Despite the entrance sign at right, the R.V. Park of San Rafael is home to an eclectic mix of travel trailers, mobile homes and a park model, all visible from the entrance.
RVtravel has an interesting story today, by Randall Brink, which misses the forest for the trees but which nonetheless sounds yet another warning about a dystopian outlook for RV full-timers.
The piece, headlined “RV park tenants evicted after court ruling,” relates how residents of the R.V. Park of San Rafael, California, will lose their homes after the park’s owners ran afoul of the city’s rent stabilization ordinance—an ordinance expressly designed for mobilehome parks. In a nutshell, the property owner’s management firm, Harmony Communities, tried to raise rents by more than the ordinance permits, and on being sued by the city, argued that an RV park should not be subject to a mobilehome ordinance. A three-judge panel of the Ninth Circuit Court of Appeals disagreed, pointing out that the ordinance has been on the books since 1991—15 years prior to the current owner buying the property—and that the matter had already been adjudicated in state court.
Harmony’s response? Issue eviction notices earlier this month to 40 of the RV park’s 45 residents, giving them until Oct. 31 to vacate the premises, presumably to prepare the land for sale. “The city wants a private property owner to singlehandedly subsidize affordable housing in San Rafael but the park has no cash and is losing money every month,” Harmony explained in a press release. “Since the city has refused to honor its own ordinance, the only choice is to shut down the park. We anticipate all residents moving out by October and look forward to redeveloping the property towards a higher and better use.”
Note that even after losing its court case, Harmony is still insisting that the city’s ordinance should not be applicable to an RV park—but is that an accurate description of the R.V. Park of San Rafael? As the photo above illustrates, the one shared aspect of the various dwellings on this property is that they all have wheels. Calling this conglomeration an RV park is no more accurate than calling it a mobile home park or trailer court—indeed, it could as easily, and accurately, be called the Mobilehome Park of San Rafael. Moreover, that blurring of distinctions is not helped in the least by California’s statutes, which define a mobilehome park as a property “that has at least two mobilehomes, manufactured homes, recreational vehicles, and/or lots that are held out for rent or lease.” [Emphasis added.]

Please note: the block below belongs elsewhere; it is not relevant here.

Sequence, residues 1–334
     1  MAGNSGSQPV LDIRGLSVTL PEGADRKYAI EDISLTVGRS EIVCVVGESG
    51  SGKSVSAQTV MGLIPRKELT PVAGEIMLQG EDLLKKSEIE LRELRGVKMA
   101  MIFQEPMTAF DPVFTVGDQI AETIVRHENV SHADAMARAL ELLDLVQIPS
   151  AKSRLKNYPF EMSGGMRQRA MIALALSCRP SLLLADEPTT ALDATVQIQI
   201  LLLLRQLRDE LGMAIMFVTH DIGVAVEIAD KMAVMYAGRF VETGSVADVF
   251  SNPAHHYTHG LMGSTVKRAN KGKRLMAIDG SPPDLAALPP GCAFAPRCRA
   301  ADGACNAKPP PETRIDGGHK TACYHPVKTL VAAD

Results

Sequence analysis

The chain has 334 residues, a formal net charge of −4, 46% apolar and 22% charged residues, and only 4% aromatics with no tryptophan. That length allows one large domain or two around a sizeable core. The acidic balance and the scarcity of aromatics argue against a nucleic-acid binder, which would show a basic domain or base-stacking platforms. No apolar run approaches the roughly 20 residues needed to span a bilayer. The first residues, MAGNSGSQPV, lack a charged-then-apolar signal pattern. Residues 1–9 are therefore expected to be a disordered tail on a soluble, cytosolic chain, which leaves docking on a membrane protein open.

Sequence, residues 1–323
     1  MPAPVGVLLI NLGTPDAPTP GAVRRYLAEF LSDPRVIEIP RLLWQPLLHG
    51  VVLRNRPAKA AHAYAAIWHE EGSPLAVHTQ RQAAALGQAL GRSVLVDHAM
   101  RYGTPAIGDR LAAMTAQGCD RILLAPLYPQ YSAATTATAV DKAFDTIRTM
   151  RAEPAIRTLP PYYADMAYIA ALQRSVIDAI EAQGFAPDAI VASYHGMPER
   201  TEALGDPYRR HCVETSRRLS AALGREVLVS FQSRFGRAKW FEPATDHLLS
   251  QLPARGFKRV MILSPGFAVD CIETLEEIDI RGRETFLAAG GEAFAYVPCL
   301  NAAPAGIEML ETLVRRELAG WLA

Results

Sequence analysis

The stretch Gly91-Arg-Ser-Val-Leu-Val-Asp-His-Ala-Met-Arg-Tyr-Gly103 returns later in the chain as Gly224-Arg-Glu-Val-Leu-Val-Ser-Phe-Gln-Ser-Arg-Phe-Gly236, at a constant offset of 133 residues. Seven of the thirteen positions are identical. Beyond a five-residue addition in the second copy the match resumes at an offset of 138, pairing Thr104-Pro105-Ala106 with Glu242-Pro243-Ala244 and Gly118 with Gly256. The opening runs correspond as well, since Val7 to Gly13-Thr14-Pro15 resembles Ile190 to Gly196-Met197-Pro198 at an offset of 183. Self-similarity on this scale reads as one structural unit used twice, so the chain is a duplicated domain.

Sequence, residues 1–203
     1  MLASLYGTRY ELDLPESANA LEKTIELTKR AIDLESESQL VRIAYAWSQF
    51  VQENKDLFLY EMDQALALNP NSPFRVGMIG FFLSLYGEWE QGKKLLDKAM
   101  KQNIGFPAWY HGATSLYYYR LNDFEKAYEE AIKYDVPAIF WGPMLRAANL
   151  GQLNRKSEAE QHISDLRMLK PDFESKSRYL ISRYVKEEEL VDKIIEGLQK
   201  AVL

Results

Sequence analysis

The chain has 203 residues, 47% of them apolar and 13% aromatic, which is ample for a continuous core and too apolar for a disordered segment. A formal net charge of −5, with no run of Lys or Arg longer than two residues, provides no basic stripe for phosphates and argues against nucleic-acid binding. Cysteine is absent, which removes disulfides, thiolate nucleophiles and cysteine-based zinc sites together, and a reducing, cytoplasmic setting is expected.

Why does it matter? For one thing, such state laws and court rulings continue to mock efforts by the RV industry to draw a bright line between its products, which it contends are not intended for full-time residency, and actual dwellings that must be built to national housing standards. Successfully making that distinction helps the industry avoid such pesky regulations as requiring their electricians to be licensed, to cite a particularly egregious example, and it enables enormous cost-savings on construction materials and quality. If national standards for manufactured housing—the more contemporary label for mobile homes—were applied uniformly to mobilehome parks, RVs would never be admitted.
But that’s the forest that gets obscured by individual trees like the R.V. Park of San Rafael, where press coverage tends to focus on the need for affordable housing and not so much on what standards that housing should meet. What’s obscured is that RVs, park models, tiny homes and house trailers increasingly have become an undifferentiated mass of last-resort shelter, jostling each other for a place to chock their wheels in a mad campground game of musical sites—single-wides moving into RV parks, travel trailers finding room in trailer courts, park models and tiny homes springing into any chinks that can be found.
All these disparate forms of housing are not created equal, so why do we pretend that they are—except, of course, when it suits an outfit like Harmony Communities (really? Harmony?) to draw a belated, self-serving distinction? Are standards for manufactured homes too stringent, and therefore should be relaxed, if only to make house trailers more affordable? Or are those standards the bare minimum for ensuring safe and durable shelter for people with wheeled homes, even if those homes are called park models, fifth-wheels or travel trailers—in which case, what will it take to extend those standards?
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